What does excite him, he says, is the potential for more Equity companies to become established in Denver. "The time is now, the time is ripe," he says passionately. "I tell you what is missing: the professionalism to understand that the art has a business component. And if someone is going to start that company, it will take a manager who is just as gifted as the artistic leader." Marley seems certain more companies will arise within "the next three or four years" but also defends his choices with the warning that "what will be discovered is that if they are going to be successful, they're also not going to cast by ZIP code. Once they have been here, they will raise the expectation, they will go through a honeymoon period. And then they will develop a reservoir of resentment in the same way that the Denver Center has." The good news, Marley says, is that such a situation will produce "a group of artists who are working at the professional level [who] can live in Denver and move from company to company...It is not healthy for this to be the only Equity company in town."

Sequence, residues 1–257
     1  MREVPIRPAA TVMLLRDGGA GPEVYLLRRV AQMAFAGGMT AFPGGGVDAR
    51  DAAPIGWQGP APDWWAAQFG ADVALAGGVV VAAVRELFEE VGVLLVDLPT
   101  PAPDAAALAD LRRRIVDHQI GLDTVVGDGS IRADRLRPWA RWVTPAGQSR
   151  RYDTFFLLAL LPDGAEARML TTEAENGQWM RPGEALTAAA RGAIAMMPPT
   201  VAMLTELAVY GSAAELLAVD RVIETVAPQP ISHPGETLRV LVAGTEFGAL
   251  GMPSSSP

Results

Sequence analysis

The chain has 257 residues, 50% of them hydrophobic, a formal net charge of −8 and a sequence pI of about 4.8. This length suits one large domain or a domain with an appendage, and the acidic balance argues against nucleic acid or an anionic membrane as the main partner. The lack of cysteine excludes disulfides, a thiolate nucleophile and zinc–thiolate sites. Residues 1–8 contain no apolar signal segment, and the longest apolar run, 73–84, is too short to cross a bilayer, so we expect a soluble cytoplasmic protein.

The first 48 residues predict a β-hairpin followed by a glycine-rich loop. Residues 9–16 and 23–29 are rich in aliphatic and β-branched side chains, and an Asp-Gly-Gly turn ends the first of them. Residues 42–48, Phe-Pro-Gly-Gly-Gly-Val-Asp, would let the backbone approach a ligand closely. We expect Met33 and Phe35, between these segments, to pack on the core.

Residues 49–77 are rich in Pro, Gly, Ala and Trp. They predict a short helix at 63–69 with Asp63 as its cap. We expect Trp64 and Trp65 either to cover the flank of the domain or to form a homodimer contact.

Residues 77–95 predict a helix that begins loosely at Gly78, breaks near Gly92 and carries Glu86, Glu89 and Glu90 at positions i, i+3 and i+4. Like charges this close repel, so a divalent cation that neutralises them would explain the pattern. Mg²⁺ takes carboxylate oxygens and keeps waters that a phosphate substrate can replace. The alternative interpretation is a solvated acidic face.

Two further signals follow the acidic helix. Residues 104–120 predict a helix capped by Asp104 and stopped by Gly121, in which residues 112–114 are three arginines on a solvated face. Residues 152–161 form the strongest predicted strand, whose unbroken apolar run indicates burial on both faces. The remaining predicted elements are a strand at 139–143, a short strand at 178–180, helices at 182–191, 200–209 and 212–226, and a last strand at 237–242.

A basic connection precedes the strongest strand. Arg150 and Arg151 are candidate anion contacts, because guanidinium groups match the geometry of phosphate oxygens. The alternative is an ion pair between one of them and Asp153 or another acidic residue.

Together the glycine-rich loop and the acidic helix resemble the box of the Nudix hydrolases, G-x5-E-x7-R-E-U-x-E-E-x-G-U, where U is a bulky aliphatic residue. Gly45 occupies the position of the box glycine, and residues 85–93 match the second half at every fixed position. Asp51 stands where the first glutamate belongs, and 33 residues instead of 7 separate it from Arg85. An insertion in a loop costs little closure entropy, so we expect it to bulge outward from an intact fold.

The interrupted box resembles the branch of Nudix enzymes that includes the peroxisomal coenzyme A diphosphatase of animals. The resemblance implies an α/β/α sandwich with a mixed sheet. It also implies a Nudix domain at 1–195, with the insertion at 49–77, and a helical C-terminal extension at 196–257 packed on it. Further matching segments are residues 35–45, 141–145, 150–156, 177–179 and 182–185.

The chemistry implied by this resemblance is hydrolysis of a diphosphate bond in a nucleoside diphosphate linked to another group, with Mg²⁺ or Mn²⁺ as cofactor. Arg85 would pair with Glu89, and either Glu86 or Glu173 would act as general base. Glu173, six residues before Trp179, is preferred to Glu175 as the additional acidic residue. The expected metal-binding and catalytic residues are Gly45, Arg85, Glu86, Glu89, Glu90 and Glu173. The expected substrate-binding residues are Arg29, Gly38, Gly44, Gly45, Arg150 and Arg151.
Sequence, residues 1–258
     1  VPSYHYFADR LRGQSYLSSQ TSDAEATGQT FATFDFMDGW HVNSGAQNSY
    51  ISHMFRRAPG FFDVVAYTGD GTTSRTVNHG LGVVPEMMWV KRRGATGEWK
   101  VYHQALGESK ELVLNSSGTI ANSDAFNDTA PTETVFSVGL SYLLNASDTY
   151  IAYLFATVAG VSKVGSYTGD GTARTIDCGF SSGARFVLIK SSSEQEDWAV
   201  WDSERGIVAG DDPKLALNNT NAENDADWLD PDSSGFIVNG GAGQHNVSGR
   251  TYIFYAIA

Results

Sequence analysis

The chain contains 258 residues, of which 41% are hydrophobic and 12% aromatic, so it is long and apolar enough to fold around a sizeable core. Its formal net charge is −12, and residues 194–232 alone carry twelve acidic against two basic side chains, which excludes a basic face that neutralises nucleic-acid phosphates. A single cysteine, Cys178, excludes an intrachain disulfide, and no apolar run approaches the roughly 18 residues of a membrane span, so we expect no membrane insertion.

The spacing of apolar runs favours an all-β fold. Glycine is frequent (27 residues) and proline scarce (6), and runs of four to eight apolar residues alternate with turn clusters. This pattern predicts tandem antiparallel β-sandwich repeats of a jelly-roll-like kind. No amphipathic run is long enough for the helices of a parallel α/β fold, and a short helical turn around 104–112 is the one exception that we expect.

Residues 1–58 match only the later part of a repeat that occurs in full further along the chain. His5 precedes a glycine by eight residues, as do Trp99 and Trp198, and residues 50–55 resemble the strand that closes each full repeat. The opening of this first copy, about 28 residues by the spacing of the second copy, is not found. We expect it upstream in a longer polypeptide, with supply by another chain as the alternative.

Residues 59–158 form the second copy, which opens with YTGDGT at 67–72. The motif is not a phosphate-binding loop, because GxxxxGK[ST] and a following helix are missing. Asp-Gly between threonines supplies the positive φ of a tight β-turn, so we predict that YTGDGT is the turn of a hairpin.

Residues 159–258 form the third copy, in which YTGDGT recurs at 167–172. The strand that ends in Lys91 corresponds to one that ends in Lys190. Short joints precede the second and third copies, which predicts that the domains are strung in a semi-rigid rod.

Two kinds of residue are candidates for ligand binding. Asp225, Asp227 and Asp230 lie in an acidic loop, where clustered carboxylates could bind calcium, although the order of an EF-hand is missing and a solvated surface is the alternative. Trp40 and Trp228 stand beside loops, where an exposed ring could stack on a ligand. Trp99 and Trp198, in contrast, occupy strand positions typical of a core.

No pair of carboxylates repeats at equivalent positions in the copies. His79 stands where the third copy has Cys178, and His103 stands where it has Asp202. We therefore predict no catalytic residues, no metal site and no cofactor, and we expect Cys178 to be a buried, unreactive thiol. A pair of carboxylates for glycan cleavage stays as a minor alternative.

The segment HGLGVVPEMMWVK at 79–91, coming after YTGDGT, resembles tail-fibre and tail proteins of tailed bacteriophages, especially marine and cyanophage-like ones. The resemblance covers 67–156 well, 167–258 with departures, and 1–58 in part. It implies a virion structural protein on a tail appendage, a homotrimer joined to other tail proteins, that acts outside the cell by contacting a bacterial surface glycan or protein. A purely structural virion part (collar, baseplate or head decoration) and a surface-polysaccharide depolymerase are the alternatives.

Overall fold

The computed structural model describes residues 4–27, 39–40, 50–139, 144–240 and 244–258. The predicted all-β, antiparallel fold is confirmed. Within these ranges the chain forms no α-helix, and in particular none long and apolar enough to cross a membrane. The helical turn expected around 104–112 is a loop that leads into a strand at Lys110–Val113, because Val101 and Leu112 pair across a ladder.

Marley acknowledges that "one of the curses" of a job like his is that "what is in your head is never fully realized on stage," but he ticks off a list of goals: He wants to showcase the talents of his company by taking it on an international tour, even as he vows to significantly improve the acting company's mediocre vocal skills. And, despite the fact that the father of modern drama, Henrik Ibsen, required two years--in isolation, no less--to write each of his major plays, Marley unabashedly wishes for "a resident playwright whose responsibility is to deliver a producible play for a professional theater once a year." And while he admits that his always aging acting company must take care to maintain a strong, expressive physical approach, he insists that the company's vitality lies in this core group of mature artists, who will become "a resource that no one else in this country has."
Like most of his prosaic pronouncements, these words cut both ways--making you wonder whether, five years from now, the company that Marley keeps will be the envy of theaters nationwide or an isolated anachronism that no one really wants anymore.